What sparked this entire post was this. Today, my air conditioner in my classroom isn't working. So I told my boss, who went off to tell someone. He came back 10 minutes later to tell me that 'I'd used too much electricity this week, and it wasn't gonna be switched on until 1pm". They'd turned it off down at then office! It could reach 32 fucking degrees here today, and it's 27 degrees now! I have a classroom with 30-plus kids in it. Can you imagine how warm and stifling it is, even with the windows open?! My point here is that they don't seem to care about pleasing their employees. A quiet word would have done (not that I've been using it much anyway). Why treat their employees like small children? My immediate boss is very nice, and very apologetic – it simply wasn't his fault. Someone higher, and they LOVE hierarchy in Korea, just looked at the figures and switched it off. If I was to try and sum up Korea in one word, megalomania would be high up the list of words I'd choose from. Get up that ladder! To be powerful here, even, say, a principal in a school, is to be completely revered and obeyed. You cannot question their decisions or motives. If the principal says that all students are to have a test today, at the last minute, then they do. No teacher would speak up and say it doesn't make sense to do this. And I really must say that this level of conformity is a little grating. NO-ONE speaks up for themselves. Everybody eats the shit of the person above them. Honestly, it's kind of pathetic. Obey. Do. Work. OK…

I'll finish on a positive. I don't want you thinking Korean people are horrible and useless, because they are not; they are a helpful, kind, hard-working people. They really are, but what they consider to be common sense and normal, sometimes, is far removed from we would consider the same in the West.

June 06, 2010

As Weeks Go….

As Weeks Go….

Well, that was a week I’ll never forget…

Last Saturday, I went out clubbing and drinking with my American colleague Dwight, and I met this woman. We talked a lot (and a bit more!) and I escorted her home on the train as far as my stop. She didn’t seem the one-night-stand type, so I arranged to meet her another time – nothing fixed, just an exchange of phone numbers… To be honest here, I can’t be arsed reliving the entire thing, but I really wanted to hook up with this woman again, and, well, it didn’t happen, for whatever reason. I think, with hindsight, she perhaps was the one-night-stand type, and…..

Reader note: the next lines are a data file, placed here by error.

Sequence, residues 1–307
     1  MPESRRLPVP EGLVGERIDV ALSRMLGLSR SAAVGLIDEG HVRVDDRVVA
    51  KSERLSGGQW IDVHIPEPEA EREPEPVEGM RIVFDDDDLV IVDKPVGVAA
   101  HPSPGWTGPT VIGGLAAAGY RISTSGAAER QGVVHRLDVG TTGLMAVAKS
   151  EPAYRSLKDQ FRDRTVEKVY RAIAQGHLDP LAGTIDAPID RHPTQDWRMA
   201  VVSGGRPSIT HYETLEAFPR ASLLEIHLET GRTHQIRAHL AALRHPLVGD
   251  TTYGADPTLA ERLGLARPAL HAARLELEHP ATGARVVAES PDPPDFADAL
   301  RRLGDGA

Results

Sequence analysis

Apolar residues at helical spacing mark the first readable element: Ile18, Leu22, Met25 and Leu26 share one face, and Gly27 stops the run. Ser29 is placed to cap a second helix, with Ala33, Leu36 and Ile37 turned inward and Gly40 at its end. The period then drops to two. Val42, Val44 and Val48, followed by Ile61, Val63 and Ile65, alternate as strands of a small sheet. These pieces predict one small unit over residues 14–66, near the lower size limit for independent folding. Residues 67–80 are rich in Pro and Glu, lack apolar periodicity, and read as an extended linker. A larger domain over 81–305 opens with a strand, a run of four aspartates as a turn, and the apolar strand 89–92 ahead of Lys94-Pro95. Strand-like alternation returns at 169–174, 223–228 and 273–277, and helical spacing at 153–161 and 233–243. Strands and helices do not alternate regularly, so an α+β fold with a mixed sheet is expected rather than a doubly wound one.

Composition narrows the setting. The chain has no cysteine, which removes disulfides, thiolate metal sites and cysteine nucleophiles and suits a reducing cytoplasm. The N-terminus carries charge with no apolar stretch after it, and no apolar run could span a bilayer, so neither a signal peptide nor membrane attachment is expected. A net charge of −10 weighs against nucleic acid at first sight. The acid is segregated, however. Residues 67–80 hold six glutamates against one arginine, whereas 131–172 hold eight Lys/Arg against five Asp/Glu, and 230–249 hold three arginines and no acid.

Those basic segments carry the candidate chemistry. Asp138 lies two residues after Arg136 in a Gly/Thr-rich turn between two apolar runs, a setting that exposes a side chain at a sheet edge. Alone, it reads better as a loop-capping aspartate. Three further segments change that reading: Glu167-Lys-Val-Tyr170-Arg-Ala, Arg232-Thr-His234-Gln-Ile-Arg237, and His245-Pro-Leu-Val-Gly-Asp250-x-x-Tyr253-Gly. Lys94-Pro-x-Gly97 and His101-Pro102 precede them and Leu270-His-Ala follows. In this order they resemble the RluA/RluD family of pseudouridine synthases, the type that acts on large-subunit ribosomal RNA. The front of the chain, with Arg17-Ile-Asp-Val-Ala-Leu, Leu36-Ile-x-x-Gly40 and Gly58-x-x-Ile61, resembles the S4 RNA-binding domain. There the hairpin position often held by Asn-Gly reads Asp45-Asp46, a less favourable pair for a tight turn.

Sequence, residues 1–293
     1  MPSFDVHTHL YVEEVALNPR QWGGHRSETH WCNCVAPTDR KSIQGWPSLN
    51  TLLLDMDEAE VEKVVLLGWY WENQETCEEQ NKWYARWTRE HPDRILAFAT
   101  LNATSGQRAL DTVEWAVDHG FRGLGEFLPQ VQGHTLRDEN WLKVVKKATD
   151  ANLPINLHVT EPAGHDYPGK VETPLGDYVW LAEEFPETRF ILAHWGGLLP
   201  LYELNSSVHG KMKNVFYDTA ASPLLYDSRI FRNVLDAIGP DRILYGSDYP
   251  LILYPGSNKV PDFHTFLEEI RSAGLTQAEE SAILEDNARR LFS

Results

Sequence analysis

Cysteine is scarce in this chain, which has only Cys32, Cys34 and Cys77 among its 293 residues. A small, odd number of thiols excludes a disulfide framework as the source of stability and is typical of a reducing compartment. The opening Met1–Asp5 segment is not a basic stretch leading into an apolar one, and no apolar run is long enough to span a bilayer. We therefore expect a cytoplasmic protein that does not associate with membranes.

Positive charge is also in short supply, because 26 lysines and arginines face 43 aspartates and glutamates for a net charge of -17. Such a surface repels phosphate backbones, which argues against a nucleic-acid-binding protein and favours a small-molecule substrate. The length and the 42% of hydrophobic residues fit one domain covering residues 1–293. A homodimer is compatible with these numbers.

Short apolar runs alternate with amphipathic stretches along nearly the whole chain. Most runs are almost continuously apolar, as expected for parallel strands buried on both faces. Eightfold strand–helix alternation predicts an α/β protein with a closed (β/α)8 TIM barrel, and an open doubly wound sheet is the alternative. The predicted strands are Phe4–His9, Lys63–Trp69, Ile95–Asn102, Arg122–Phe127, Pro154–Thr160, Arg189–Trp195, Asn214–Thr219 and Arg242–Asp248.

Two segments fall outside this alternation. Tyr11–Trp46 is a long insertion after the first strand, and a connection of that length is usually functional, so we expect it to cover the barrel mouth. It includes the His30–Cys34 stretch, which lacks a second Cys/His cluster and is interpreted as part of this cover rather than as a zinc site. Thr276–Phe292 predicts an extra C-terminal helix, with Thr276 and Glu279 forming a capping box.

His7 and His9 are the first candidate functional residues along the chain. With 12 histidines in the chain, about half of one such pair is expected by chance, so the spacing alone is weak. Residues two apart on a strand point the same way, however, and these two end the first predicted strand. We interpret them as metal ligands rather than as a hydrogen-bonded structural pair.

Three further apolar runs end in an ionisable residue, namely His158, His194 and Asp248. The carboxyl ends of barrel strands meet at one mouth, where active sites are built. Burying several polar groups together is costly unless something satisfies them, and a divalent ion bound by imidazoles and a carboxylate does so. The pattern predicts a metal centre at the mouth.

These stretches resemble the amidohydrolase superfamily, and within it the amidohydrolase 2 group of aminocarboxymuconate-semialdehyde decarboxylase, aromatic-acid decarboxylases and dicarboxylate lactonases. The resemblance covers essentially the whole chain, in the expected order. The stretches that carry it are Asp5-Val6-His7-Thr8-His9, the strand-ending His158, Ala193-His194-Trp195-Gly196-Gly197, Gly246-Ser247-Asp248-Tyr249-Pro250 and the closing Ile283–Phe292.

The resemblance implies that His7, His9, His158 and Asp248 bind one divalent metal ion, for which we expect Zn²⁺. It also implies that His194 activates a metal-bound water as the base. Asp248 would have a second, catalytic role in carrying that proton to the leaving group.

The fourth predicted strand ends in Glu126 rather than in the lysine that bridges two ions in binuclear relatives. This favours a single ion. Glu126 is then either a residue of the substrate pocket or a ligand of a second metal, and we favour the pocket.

Meh! Anyway, “I’ve had a little woman trouble this week” is the upshot of all that. Happens to everyone sometimes, and sometimes it’s happened to me where I’ve been ‘the trouble’, if you know what I mean. Dating, and meeting people can be hard, and you might get hurt, or you might hurt someone else…

Anyway, that was one thing…waiting around all week for her to call/answer my texts (two texts, in case you think I’m a stalker!), was extremely distracting…

On Thursday, my new i-pod touch and digital camera, which I had in the classroom because we were teaching English about technology – were stolen! I’d only had both of these for a few months. This was the very day after I’d repaid my previous school 420 000 Korean Won (about 220 quid/400 dollars) that they said they’d overpaid me. So I do a good deed and give them it back no questions asked, and I get ‘repaid’ by having my gear stolen.

How’s that for a week?!

I have a motto, in fact I have several, and one of them is ‘don’t get too pleased with yourself when it’s going well, and don’t get too down if it’s going badly’. Everything changes…

I’ll leave you with a quote from Hamlet, not because I’m trying to sound clever and well-read, but because it’s a famous quote and it fits my week exactly…

“When sorrows come, they come not single spies, but in battalions.” (Hamlet Act 4 Scene 5).

June 03, 2010

Five Four, No More

[A poem I wrote after Dundee United won the Scottish Cup]

Five Four, No More

There was a time,
An age ago,
When DFC were king,
The trophy count,
Was five to nil,
We hadn’t won a thing.
But Wee Jum’s boys,
In ‘79
Picked up a cup at Dens!
And then next year,
Against the ‘Dee,
We won the cup again!
By ’83,
We’d won the league,
And 5-3 was the score,
In 94,
A cup once more
To make the score 5-4.
For sixteen years,
The funny team,
Had wheeled that scoreline out,
Even from the lower leagues,
“The score’s 5-4!” they’d shout.
We had to suffer all those years,
But now we’ve evened up,
Cos Houstie’s boys,
Have done the biz,
And won the Scottish Cup!

June 02, 2010


DUNDEE UNITED WON THE SCOTTISH CUP!! (I know, it was two weeks ago, but I've been celebrating)

The Scottish Cup probably means very little to anyone reading this that isn’t Scottish, although, I’m not myself. English football fans will see it as also-ran trophy in an also-ran league, and to some extent, that’s true.

Here are a few statistics about the cup itself:

The loathsome, sectarian-riddled ‘Old Firm’ of Rangers (spit) (33) and Celtic (spit) (34) have won the trophy the most times between them. No surprise there. It’s amazing what crowd numbers, and therefore finance, blind hatred can generate.

The actual trophy is the oldest national trophy in world sport, at 125 years old.

The crowd at the 1937 final between Celtic and Aberdeen, which was 147 365, is a European record.

My team, Dundee United, are the current holders! And I can’t tell you how much that means!